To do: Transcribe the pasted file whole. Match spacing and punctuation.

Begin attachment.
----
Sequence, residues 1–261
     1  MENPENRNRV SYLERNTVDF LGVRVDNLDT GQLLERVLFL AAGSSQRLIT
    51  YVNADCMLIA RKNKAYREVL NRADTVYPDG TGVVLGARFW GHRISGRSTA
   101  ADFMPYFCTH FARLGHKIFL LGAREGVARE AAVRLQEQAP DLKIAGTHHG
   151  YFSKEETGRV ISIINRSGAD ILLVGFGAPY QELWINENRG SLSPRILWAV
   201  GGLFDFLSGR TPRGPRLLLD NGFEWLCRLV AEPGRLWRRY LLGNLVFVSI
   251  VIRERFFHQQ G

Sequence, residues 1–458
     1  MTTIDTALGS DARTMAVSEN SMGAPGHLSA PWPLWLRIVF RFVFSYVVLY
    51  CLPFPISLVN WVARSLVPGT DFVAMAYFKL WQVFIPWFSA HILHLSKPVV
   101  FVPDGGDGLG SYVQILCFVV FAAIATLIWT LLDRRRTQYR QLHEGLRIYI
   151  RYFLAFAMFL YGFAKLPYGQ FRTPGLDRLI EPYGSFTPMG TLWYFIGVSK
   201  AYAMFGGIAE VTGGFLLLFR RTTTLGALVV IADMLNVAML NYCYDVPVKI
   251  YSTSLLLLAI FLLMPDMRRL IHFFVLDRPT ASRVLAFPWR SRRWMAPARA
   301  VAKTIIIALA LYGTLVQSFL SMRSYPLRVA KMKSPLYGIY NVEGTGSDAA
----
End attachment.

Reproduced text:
Sequence, residues 1–261
     1  MENPENRNRV SYLERNTVDF LGVRVDNLDT GQLLERVLFL AAGSSQRLIT
    51  YVNADCMLIA RKNKAYREVL NRADTVYPDG TGVVLGARFW GHRISGRSTA
   101  ADFMPYFCTH FARLGHKIFL LGAREGVARE AAVRLQEQAP DLKIAGTHHG
   151  YFSKEETGRV ISIINRSGAD ILLVGFGAPY QELWINENRG SLSPRILWAV
   201  GGLFDFLSGR TPRGPRLLLD NGFEWLCRLV AEPGRLWRRY LLGNLVFVSI
   251  VIRERFFHQQ G

Sequence, residues 1–458
     1  MTTIDTALGS DARTMAVSEN SMGAPGHLSA PWPLWLRIVF RFVFSYVVLY
    51  CLPFPISLVN WVARSLVPGT DFVAMAYFKL WQVFIPWFSA HILHLSKPVV
   101  FVPDGGDGLG SYVQILCFVV FAAIATLIWT LLDRRRTQYR QLHEGLRIYI
   151  RYFLAFAMFL YGFAKLPYGQ FRTPGLDRLI EPYGSFTPMG TLWYFIGVSK
   201  AYAMFGGIAE VTGGFLLLFR RTTTLGALVV IADMLNVAML NYCYDVPVKI
   251  YSTSLLLLAI FLLMPDMRRL IHFFVLDRPT ASRVLAFPWR SRRWMAPARA
   301  VAKTIIIALA LYGTLVQSFL SMRSYPLRVA KMKSPLYGIY NVEGTGSDAA